In this function, we call the getTables function from our AppService. Since getTables returns the raw data objects from our API Server table query, we need to push only the name field from each result into the array of available tables and not push the entire object.

ngOnInit(): void {
    .then( tables => {
      for (let tableObj of tables) {
        this.availableTables.push( )


This function is called whenever the user selects a different table from the drop-down menu in the SPA. The function makes a call to the API Server to retrieve the list of columns for the given table, which populates another drop-down menu.

tableChanged(): void {
    .then( columns => this.availableColumns = columns );

  this.selectedColumns = [];


This function is called whenever the user changes which columns are selected from the drop-down menu. It simply clears the table data so that we do not display an empty table if the columns selected after the button is clicked are different from those originally selected.

columnsChanged(): void {
  this.tableData = [];


This function serves to join the array of selected columns into a comma-separated string, as required by the $select parameter in an OData query, and pass the table name and list to the getTableData function in the AppService. The resulting data is then used to populate the HTML table.

dataButtonClicked(columnList: string): void {
  columnList = this.selectedColumns.join(',');
    .getTableData( this.selectedTable, columnList )
    .then( data => this.tableData = data );

Running the Single Page Application

With our connection to data configured and the source files for the SPA reviewed, we are now ready to run the Single Page Application. You will need to have node.js and npm installed on your machine in order to run the SPA. Included in the sample download is an instance of http-server, which will create a light-weight server on your machine to run the SPA. To start the server, you simply need to run the script in the root directory of the SPA:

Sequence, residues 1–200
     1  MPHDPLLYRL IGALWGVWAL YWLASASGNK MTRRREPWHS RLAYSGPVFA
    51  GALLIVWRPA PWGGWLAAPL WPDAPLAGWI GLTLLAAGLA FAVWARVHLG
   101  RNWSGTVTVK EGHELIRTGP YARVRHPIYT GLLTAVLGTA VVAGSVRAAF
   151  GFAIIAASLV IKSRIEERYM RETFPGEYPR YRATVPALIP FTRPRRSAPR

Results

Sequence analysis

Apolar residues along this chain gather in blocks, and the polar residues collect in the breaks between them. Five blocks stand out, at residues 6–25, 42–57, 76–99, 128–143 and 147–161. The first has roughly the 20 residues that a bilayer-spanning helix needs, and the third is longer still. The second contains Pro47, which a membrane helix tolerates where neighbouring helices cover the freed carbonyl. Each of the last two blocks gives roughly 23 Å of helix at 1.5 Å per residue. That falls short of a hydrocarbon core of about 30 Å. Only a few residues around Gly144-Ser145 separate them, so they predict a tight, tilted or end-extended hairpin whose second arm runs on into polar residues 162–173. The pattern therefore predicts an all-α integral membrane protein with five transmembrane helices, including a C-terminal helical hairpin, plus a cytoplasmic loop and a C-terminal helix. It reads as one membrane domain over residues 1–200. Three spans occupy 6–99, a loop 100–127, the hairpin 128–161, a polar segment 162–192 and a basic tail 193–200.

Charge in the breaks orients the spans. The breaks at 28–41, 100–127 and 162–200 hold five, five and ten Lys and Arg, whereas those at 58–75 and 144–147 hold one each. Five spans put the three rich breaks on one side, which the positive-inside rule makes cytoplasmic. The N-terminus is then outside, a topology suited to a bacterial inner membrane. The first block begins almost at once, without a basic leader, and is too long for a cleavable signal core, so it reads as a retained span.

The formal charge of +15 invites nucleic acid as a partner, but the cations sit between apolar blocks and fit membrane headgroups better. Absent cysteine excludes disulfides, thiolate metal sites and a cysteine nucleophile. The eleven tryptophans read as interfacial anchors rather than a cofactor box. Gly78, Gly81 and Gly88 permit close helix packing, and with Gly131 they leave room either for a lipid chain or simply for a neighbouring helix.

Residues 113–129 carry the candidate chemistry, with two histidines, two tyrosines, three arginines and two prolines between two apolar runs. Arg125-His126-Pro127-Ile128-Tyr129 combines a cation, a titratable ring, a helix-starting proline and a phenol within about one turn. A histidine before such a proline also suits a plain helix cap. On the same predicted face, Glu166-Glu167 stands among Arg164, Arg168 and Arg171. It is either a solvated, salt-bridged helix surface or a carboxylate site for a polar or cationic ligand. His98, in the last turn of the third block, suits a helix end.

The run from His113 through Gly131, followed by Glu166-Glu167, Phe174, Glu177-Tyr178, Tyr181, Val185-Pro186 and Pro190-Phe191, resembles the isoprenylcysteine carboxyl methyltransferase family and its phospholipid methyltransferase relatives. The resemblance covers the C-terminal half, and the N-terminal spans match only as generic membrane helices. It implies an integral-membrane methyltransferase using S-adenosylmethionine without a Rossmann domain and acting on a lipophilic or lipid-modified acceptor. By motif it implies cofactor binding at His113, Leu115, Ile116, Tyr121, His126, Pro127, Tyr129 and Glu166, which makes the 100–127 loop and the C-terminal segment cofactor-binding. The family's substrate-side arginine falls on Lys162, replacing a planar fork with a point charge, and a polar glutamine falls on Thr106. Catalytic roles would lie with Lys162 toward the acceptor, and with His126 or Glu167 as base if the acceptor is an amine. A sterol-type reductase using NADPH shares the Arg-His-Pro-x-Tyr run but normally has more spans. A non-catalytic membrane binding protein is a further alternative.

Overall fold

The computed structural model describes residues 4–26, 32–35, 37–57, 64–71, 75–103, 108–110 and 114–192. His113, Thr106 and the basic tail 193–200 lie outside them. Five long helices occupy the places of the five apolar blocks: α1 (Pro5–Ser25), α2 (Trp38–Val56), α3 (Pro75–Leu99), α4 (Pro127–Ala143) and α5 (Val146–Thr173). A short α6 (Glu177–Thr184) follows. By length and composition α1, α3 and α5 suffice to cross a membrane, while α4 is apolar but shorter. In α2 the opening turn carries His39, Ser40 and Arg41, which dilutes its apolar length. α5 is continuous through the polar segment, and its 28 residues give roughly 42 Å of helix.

> bash .\

When the SPA launches, you will see the title and a drop down menu to select a table. The list of tables is retrieved from the API Server and includes all of the tables you added as resources when configuring the API Server.

Image 5

With a table selected, the drop-down, multiselect menu for columns appears, allowing you to select the columns you wish to see in your table. You can see that as you select columns, the table headers appear.

Image 6

Once the table and columns are selected, you can click the Get [table] Data button to retrieve data from your database via the API Server. The HTML table will be populated with data based on the table and columns you selected before clicking on the button.

Image 7

Free Trial & More Information

Now that you have seen a basic example of connecting to your database data in dynamic Web pages, visit our API Server page to read more information about the API Server and download the API Server. Start building dynamic Web pages using live data from your on-premises and cloud-base databases, including SQLite, MySQL, SQL Server, Oracle, and PostgreSQL! As always, our world-class Support Team is ready to answer any questions you may have.


This article, along with any associated source code and files, is licensed under The Code Project Open License (CPOL)

Written By
Technical Writer CData Software
United States United States
I'm an educator-turned-technology evangelist, with a short stint as a software developer. In all of the work I've done, data has been critical, and as businesses, industries, and services grow, I can't help but notice the growth in the breadth and depth of data usage. A common interface to data frees enterprises from the burden of connecting to their data and frees them to focus on their own business. By leveraging CData drivers to access common SQL interfaces to more than 100 SaaS, Big Data, and NoSQL sources, developers can build solid, data-driven products and analysts and data scientists can quickly and easily build insights that drive business.

While giving presentations, writing articles, engaging in webinars, and producing tutorial videos I get the opportunity to see first-hand the difference that standard connectivity makes, with regards to both the underlying data sources and the tools and apps consuming the data. Talk to me about partnering with CData to connect to your own organization's data, embedding connectivity into your data-driven solutions or building custom connectors for a new data source.